It is hoped that his sterling work in gaining the esteem of the mainstream and injecting impetus and a sense of mission back into the GOCMV will convince other aspiring second generation and third generation Greek Australians that the Greek community is not a mere quagmire of internecine strife and navel-gazers but rather, an inspiring and endless field of collective action, that is multifaceted and inclusive enough to cater for a multiplicity of interests and concerns.
Similarly, it is hoped that Bill Papastergiadis' and his board members' efforts will convince the first generation that the emancipation of the second generation is well overdue. After all, it is supposedly largely for their benefit that the Cultural Centre has been conceived in the first place. The official announcement of the Baillieu government's $2 million contribution to the erection of the Cultural Centre is also a clarion call and rallying cry for further action.
Having the resources of the government behind us and the Premier's "sooner rather than later" injunction ringing in our ears, we are now committed to the speedy construction of the centre. There is absolutely no further room for prevarication, debate or even focus on other unnecessary and divisive interests and pursuits. Victoria expects us to keep our word and as a united community we need to invest all our energy and resources into ensuring that this project is effected.
- Register Now
- Eurovision 2013: The kitsch and the high notes
- Kewell dumped by Al Gharafa
- Greeks abroad may help Greece and Cyprus recovery
- Lora Mokbel farewelled
- Director Oliver Stone wishes Tsipras 'good luck'
- Migration intake stays the same
- Triple header match day with Belmore United
- Greek Australian women talk: how to make a succesful career?
- Heristanidis shortlisted for NSW Premier's Literary Award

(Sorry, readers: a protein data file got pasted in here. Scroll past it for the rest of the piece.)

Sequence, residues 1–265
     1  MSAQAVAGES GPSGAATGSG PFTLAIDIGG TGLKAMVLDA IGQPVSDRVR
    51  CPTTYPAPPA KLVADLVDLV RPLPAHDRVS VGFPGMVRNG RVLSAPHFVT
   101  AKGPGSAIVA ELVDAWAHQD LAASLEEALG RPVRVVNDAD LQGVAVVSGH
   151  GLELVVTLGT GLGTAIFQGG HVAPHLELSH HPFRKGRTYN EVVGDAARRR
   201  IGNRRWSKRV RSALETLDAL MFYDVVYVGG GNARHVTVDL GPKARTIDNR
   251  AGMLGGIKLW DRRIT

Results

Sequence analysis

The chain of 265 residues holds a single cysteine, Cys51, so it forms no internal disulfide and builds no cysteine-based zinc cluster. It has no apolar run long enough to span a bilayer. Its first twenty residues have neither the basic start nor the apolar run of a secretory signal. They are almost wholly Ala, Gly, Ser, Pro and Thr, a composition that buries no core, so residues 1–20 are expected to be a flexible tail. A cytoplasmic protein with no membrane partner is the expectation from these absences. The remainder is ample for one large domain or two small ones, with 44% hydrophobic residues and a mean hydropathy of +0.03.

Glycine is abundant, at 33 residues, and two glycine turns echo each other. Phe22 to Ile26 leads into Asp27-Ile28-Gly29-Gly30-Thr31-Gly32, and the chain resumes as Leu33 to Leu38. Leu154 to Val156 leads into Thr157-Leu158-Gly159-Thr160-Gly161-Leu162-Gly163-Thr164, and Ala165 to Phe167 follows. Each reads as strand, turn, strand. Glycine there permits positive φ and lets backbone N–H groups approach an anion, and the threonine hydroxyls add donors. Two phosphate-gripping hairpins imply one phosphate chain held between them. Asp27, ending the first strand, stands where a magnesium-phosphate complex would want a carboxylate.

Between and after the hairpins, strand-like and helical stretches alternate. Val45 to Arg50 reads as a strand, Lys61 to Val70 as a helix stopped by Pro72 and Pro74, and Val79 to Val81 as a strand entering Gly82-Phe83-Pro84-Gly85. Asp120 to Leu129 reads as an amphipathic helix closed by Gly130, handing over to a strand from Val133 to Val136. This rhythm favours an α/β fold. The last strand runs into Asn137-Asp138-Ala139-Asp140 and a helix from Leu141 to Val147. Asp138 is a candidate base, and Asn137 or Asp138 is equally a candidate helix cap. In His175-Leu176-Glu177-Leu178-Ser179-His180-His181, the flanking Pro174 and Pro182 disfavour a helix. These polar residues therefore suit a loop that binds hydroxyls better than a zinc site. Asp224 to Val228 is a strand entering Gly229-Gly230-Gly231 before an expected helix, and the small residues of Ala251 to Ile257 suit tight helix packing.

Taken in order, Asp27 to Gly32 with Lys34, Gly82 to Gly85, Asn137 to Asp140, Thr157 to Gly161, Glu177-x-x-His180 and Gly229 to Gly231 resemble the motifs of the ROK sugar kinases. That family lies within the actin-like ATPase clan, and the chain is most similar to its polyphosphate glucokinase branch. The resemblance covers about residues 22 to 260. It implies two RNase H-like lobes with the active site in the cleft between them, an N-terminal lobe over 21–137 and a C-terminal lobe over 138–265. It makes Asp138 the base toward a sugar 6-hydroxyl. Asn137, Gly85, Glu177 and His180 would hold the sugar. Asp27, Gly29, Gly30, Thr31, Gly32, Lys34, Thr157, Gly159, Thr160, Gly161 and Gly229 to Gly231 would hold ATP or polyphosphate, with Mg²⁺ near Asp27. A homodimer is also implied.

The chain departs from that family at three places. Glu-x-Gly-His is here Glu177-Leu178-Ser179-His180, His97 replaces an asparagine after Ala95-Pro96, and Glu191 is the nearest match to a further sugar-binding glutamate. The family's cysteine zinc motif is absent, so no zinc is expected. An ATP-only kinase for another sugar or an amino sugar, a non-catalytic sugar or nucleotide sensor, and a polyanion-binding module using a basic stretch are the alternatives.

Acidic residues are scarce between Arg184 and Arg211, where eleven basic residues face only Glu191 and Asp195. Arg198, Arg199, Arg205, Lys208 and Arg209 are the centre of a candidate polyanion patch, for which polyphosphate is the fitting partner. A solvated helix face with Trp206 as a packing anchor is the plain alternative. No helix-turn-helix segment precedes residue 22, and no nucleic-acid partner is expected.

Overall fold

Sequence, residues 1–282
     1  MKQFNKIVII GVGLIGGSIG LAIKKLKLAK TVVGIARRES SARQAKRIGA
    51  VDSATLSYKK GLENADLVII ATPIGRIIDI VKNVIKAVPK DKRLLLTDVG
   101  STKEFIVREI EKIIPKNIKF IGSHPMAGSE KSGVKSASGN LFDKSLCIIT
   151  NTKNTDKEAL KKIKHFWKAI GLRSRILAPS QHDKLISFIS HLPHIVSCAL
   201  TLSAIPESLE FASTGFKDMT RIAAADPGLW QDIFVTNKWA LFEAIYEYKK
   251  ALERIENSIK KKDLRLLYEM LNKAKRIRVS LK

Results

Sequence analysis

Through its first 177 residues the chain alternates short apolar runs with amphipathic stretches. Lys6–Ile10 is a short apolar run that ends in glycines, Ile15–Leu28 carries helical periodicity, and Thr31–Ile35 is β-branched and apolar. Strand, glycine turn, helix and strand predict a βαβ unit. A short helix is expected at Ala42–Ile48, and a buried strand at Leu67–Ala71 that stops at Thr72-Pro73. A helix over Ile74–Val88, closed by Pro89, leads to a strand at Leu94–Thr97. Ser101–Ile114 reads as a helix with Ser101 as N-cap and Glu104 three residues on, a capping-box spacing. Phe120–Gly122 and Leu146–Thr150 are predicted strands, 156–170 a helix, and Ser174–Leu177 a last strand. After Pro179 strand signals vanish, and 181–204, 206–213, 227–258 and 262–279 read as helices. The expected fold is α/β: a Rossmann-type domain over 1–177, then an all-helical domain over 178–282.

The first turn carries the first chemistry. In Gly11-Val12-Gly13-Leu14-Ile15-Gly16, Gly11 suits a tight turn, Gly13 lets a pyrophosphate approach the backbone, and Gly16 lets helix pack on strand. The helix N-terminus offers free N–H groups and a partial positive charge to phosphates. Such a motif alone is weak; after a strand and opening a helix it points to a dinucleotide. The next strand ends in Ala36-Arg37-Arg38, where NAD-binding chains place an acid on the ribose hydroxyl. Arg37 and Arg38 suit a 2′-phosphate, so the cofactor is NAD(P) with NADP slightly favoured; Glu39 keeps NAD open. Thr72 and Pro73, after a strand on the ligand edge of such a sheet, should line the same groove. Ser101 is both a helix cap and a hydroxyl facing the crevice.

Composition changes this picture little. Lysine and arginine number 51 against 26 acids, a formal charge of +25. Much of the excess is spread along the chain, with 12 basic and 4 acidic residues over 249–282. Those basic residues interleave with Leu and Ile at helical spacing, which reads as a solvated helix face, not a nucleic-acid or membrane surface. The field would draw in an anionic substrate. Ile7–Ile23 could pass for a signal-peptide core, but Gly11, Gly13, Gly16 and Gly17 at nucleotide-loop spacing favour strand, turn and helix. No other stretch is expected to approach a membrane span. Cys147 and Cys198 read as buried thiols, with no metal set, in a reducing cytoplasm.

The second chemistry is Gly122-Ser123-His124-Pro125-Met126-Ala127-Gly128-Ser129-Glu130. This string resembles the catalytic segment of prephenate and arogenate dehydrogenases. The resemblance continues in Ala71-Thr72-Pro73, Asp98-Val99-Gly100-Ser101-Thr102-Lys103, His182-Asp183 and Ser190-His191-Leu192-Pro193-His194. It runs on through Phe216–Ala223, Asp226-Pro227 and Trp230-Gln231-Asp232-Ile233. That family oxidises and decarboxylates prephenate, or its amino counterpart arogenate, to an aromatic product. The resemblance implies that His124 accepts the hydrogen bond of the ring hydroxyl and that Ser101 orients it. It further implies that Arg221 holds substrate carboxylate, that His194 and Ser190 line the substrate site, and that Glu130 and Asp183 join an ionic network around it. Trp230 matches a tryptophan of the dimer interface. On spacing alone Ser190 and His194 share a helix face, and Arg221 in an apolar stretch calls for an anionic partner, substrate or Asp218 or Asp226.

- Battle of Crete Anniversary to be commemorated at Cenotaph
- 8 May 2013 | 12 Votes
- 15 May 2013 | 9 Votes
- 3 May 2013 | 8 Votes
- 8 May 2013 | 8 Votes
- 13 May 2013 | 7 Votes
- 24 Apr 2013 | 6 Votes
More from this Section
- When the pillars are shaken
- National language survival
- A personal observation
- Economic assassins
- Cypriot tax haven spoils long gone
- The bookstore of the hearth
- How Greece's once-mighty Pasok party fell from grace
- Germany: The ruler of 'New Europe' - would it qualify?
- Revolution unblinkered
The World Conference of Expatriate Physicians and Bioscientists of Greece and Cyprus held in Paphos, Cyprus
Harry Kewell's hope to be picked for the Socceroos squad is in doubt
Sooner or later, community indifference and the plurality of other options will place our language's existence within the National Curriculum in jeopardy
Whincup claimed a comfortable victory in the second race
Troika could be taken to court for not complying with their own laws
Nine units in Athens and Thessaloniki only have adequate methadone for program members for another week
This hearty dish is perfect for the cold nights of fasting before Easter.
Known as Heracleion to the ancient Greeks the town lies 9 meters down the Mediterranean ocean
This soup is a must for the Easter table
In this week's column, Mark Bouris discusses how women's retirement plans are derailed when they get divorced
Coming off his first sold-out Australian tour in 2012, the popular Greek singer is branching out to his far away fans and will bring a new, more energetic show.
A lecture on Ancient Greek jewellery 'Mycenaean to Hellenistic' will be on this Wednesday at the Greek Community Centre in South Brisbane
Sentences between 25 and six years were given to 16 men found guilty of involvement in an ambush against police officers in Zoniana
Greek basketball great Nick Galis honoured by his club Aris
Wellington Phoenix striker Jeremy Brockie will play for Major League Soccer club Toronto FC
Nick Dallas sits down with former radio broadcaster and community activist Kostas Karamarkos to talk Greek politics, the crisis and the worsening state of the Eurozone
Dr Peter Kambouris says a new generation of robots can transform Australia's manufacturing sector and create safer, more efficient
Greek Aus WWII, Korea and Vietnam veterans mark Anzac Day